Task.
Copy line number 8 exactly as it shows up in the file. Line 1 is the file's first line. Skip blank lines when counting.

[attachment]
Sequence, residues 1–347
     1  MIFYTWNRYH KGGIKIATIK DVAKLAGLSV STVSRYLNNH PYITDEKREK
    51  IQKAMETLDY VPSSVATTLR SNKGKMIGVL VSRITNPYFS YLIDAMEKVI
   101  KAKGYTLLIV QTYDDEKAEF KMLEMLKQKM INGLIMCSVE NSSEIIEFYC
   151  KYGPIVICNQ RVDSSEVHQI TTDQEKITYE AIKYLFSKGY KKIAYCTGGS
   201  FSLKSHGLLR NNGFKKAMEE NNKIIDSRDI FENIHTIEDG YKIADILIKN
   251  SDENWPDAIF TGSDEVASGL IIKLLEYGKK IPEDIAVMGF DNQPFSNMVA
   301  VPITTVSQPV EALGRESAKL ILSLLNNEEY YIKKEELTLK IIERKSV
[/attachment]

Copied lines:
   301  VPITTVSQPV EALGRESAKL ILSLLNNEEY YIKKEELTLK IIERKSV